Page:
Isolation and characterisation of the B42 mating type locus of Coprinus cinereus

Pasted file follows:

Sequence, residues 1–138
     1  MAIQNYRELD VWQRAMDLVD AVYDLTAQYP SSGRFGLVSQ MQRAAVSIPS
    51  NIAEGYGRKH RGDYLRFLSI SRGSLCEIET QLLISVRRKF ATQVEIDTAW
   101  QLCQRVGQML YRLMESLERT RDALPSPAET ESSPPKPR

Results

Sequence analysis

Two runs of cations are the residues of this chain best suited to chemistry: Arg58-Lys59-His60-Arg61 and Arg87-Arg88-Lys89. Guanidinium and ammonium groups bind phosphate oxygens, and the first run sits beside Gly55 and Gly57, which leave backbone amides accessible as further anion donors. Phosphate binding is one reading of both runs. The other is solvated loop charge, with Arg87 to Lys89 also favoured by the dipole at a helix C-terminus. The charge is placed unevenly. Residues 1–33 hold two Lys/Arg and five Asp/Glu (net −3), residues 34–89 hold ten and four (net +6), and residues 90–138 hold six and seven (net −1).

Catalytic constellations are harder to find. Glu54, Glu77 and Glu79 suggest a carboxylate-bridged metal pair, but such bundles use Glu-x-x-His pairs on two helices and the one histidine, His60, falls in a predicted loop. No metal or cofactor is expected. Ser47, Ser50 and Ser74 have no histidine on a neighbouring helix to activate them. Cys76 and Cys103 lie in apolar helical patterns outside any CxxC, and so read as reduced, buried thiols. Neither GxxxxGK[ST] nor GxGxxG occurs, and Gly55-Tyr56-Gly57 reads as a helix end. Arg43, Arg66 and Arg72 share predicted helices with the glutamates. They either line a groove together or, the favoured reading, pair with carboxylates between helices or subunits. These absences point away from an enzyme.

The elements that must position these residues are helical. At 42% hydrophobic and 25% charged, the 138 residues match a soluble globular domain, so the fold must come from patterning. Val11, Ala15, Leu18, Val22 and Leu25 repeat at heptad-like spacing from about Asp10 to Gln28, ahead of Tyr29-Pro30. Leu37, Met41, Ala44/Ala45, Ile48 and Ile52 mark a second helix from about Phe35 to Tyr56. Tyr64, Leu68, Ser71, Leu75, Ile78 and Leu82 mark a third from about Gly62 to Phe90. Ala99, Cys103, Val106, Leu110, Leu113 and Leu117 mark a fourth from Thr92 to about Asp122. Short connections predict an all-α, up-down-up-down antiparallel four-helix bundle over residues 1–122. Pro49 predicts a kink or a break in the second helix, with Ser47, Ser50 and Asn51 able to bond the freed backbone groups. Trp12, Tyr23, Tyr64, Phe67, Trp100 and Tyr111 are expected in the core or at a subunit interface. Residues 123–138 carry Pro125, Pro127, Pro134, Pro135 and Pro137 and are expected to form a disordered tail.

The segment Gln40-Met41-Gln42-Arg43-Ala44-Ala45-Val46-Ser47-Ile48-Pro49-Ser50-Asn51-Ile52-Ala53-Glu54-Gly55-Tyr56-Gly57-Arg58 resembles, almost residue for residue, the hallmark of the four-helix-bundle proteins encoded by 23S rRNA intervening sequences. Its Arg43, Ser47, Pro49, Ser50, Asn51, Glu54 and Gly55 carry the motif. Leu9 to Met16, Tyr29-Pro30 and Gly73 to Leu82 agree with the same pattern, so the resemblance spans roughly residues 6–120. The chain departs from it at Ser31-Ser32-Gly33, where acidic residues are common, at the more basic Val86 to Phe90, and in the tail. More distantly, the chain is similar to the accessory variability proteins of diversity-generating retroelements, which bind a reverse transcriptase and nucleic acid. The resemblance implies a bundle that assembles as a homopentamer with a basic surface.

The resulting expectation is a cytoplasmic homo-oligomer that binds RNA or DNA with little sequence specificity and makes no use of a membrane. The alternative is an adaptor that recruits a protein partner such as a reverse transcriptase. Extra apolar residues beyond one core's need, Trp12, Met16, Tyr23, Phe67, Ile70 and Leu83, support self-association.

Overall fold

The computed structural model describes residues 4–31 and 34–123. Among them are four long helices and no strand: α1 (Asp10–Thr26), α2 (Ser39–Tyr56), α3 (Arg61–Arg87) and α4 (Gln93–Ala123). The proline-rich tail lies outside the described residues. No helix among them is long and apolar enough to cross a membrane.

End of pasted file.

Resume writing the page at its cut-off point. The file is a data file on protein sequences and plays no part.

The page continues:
C. cinereus, any two of which are sufficient to promote B-regulated development following cell fusion. The isolation of the B42 locus is described along with the DNA sequence analysis that identified nine B mating type genes within a 27kb B42 -specific DNA sequence. Six of the genes, with small transcripts of 800-900nt, encode the mating pheromone precursors and the other three, with 1.9 to 2-5kb transcripts, encode the transmembrane pheromone receptors. The genes are arranged in three groups, designated group 1, 2 and 3, each consisting of one receptor gene and two pheromone genes. B42 and B6 share the same alleles of the group 1 genes, but not those of groups 2 and 3. This was demonstrated by DNAsequence analysis and Southern blot analysis. None of the group 1 genes from B42 were able to activate B -regulated development in a B6 host when introduced by transformation but with one exception, all genes from group 2 and group 3 were able to do so. This analysis led to the recognition that the three genes in any one group are held together in an allele-specific DNA sequence and that Southern blot analysis and transformation can be used to identify shared alleles in uncloned loci. Extensive Southern analyses using cloned genes to probe genomic DNAs from strains having other B mating specificites showed that different B loci may share identical alleles of two groups of genes. Mating partners thus require different alleles of only one group of genes to generate a compatible B mating interaction. Transformation analyses with the same cloned genes confirmed the conclusions derived from the hybridisation data. Multiple B mating specificities thus appear to be derived from three groups of multiallelic and functionally redundant genes. A tenth gene located within the B42- specific DNA sequence encodes a putative transporter protein belonging to the major facilitator superfamily (MFS). In other genomic backgrounds this gene lies in homologous flanking sequences and its presence within the B42 locus is unlikely to be related to mating type function.